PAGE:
Another reason I was ok with the price is that the whole machine is parted out. So if something breaks I can easily get something on line or at the local hardware store making it very easy to maintain the machine which was the main goal of what I was after.

Performance is still up in the air. As you can see from the pics I have some lining and chaff in my cutting and I have tried to calibrate it a few times. I’m sure it’s probably just my end on that part but I noticed that the machine bound up a lot more then what I saw in the vids. Such as the vid that did full cut depth on the MDF at 80IPM. It will hit and the stepping motors will start clicking away forcing me to recalibrate. Buildyourcnc's response: First to make sure you are using an end mill that will allow for fast feeds and speeds. We typically don't cut at full depth when cutting 3/4" plywood. For that thickness, we will do a roughing pass at 0.4 inches deep allowing for two passes at around 100 IPM, then we will follow up with a finishing pass that skims off a tiny amount of material along the cutting edge and this is done fast (around 120 IPM) and at full depth.

Another aspect was getting the spindle completely straight up and down. I had to shift and use some shims to get it closer to a full straight up and down 90 degree angle. Buildyourcnc's response: I would say that is a good method to ensure a perfectly vertical alignment of the z-axis.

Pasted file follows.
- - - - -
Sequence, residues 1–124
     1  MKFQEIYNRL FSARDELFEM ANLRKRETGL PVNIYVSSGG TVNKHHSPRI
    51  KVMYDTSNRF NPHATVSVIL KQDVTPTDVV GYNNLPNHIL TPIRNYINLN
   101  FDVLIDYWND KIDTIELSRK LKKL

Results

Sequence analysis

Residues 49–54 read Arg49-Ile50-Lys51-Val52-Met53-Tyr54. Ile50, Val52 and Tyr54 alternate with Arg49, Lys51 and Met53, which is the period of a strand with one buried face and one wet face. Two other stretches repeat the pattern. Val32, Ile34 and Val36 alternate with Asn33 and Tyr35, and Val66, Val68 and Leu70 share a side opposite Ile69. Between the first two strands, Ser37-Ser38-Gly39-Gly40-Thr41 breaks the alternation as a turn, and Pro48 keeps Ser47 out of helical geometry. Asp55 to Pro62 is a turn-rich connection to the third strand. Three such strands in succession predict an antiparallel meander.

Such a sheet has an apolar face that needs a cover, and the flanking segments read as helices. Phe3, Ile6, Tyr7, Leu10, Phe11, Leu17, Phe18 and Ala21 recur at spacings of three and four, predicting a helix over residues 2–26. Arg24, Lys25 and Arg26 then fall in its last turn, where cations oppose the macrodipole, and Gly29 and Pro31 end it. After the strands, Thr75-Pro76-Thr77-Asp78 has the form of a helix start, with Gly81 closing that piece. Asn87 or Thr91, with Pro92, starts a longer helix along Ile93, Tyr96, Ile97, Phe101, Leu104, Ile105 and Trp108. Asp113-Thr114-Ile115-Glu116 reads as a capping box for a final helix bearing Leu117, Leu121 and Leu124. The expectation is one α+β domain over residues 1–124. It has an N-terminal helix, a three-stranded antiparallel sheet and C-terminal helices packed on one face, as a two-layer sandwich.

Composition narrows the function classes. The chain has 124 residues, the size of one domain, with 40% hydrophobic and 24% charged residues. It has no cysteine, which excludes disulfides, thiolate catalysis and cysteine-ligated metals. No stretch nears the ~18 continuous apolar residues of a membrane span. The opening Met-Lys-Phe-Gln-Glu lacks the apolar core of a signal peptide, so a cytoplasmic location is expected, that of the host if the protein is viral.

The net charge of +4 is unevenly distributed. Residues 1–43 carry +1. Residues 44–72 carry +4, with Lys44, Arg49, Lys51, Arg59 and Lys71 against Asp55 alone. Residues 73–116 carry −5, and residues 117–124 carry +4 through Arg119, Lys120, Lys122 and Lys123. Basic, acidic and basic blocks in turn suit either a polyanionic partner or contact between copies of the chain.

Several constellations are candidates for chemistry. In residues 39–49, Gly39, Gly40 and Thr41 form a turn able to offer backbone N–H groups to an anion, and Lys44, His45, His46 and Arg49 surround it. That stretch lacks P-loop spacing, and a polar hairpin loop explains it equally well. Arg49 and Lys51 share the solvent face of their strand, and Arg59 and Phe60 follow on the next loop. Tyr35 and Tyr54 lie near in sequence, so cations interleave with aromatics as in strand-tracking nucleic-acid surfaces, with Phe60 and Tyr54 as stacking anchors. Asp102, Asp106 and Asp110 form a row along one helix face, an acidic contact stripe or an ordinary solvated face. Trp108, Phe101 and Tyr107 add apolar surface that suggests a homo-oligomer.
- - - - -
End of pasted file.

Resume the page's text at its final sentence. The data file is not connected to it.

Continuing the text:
As of right now though it seems that I am probably about .002 off on my X and .004 off on my Y which is good. I’m just nitpicking as it’s easy to sand the lining and clean the chaff. Buildyourcnc's response: The roughing and finishing process may improve this. When milling material, the end mill will have load against it, causing it to have a bit of displacement. This is true with all CNC routers and CNC machines. A good way to get better accuracy is to have a roughing pass then a finishing pass. The finishing pass has a very small load on the end mill and the material will be removed in the correct location, not where the displacement is located.